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Giving medical advice is sometimes a matter of perspective

Be careful about describing experiences you haven't had yourself, columnist writes
BY ANTHONY KOMAROFF Published: May 22, 2012

(In fact, a new study here at Harvard Medical School was published just after my column. Based on 20 years' experience in 730,000 nurses, it strongly supports the dangers.)

However, I concluded by saying: “If (your daughter) really wants a tanned look, suggest using artificial tanners ... But if prom night is a few days away, and she's still not happy with what she sees in the mirror, a single visit to the tanning salon is not the end of the world.”

Another reader, who had lost a member of her family to melanoma, said that it was “completely irresponsible” for me to countenance even a single visit to a tanning salon.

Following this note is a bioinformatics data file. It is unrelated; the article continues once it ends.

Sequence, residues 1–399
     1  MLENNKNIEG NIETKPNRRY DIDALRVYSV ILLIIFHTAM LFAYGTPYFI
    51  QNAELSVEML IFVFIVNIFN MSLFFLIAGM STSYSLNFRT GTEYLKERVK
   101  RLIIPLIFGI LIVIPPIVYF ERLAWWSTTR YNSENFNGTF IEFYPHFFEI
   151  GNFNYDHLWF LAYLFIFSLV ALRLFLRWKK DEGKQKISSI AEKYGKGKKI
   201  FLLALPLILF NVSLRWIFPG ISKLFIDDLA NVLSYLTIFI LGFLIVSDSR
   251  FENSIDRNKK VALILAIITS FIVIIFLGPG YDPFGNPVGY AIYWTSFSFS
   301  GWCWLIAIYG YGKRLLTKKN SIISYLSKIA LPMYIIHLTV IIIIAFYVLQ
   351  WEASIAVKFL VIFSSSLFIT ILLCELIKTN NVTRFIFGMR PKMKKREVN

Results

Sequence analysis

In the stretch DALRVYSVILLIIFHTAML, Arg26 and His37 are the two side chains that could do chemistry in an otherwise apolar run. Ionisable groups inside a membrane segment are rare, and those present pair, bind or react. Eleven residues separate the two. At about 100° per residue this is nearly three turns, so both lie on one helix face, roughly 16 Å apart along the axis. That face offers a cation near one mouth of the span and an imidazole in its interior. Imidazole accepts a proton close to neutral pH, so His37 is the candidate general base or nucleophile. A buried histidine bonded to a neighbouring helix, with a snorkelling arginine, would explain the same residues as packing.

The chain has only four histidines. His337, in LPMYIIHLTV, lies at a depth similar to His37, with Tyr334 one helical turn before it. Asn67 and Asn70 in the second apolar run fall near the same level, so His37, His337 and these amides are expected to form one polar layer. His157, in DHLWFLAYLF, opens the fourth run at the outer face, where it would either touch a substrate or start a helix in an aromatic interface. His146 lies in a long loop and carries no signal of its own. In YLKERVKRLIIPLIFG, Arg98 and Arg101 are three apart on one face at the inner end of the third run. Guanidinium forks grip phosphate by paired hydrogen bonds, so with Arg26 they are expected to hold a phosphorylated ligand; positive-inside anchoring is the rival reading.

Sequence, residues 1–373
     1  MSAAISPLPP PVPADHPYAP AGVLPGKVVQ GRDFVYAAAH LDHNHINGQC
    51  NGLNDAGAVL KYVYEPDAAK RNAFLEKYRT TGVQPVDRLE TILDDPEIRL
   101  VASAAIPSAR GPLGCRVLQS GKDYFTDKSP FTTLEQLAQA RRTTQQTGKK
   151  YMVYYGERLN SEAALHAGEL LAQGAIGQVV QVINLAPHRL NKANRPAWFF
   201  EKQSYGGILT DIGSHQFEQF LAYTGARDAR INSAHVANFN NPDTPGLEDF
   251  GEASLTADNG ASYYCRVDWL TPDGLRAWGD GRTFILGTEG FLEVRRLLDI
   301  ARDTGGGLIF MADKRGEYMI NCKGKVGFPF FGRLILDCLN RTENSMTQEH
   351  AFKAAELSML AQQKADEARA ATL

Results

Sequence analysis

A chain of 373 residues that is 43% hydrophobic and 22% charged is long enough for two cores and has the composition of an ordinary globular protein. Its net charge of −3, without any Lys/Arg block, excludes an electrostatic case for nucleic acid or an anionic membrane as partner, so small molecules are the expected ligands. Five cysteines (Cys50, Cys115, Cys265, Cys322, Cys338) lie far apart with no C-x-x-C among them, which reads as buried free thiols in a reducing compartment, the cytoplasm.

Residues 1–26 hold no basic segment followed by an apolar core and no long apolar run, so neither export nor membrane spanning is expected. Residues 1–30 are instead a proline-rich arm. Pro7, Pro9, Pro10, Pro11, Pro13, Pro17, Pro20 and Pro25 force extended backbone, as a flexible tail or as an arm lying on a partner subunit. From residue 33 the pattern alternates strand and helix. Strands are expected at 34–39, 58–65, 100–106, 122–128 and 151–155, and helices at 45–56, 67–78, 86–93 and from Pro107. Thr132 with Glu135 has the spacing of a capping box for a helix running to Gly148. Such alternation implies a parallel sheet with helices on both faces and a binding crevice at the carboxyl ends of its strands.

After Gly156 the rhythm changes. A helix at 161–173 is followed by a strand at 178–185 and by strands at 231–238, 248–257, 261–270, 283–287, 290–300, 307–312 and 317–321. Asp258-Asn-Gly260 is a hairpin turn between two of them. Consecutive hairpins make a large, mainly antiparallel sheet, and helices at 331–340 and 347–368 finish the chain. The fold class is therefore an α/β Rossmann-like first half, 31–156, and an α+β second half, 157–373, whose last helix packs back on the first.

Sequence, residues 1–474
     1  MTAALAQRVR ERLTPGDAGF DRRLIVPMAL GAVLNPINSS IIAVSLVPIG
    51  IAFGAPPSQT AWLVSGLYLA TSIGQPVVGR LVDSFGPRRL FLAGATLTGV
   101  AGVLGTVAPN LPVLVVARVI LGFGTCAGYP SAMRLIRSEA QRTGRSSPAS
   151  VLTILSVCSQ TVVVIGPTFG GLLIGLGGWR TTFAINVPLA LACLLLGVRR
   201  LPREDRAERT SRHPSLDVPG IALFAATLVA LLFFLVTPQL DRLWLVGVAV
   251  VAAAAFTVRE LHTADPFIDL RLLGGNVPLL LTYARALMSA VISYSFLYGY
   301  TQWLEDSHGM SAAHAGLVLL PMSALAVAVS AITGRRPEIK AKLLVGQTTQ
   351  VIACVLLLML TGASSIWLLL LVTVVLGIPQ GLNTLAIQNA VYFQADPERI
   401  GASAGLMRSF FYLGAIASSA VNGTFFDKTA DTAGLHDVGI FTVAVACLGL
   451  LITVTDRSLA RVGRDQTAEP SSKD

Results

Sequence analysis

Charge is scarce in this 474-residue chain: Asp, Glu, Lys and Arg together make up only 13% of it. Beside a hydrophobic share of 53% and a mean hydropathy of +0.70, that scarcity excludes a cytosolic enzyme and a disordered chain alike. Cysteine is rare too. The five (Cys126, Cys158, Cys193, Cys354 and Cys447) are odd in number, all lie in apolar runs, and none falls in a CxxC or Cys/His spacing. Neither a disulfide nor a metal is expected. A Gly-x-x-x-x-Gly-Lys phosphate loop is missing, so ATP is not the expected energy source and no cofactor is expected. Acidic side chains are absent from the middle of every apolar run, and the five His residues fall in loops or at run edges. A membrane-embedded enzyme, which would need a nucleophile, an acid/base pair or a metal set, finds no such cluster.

I understand why she would feel that way, and I agree with her that a single visit can be the first step on a slippery slope to regular use, unless parents intervene.

But I don't know of any evidence that a single visit to a tanning salon raises the risk of skin cancers.

It's a matter of perspective. Not every behavior that is risky if you do it regularly is risky if you do it only occasionally.

Dr. Anthony Komaroff is a physician and professor at Harvard Medical School. To send questions, go to, or write: Ask Doctor K, 10 Shattuck St., Second Floor, Boston, MA 02115.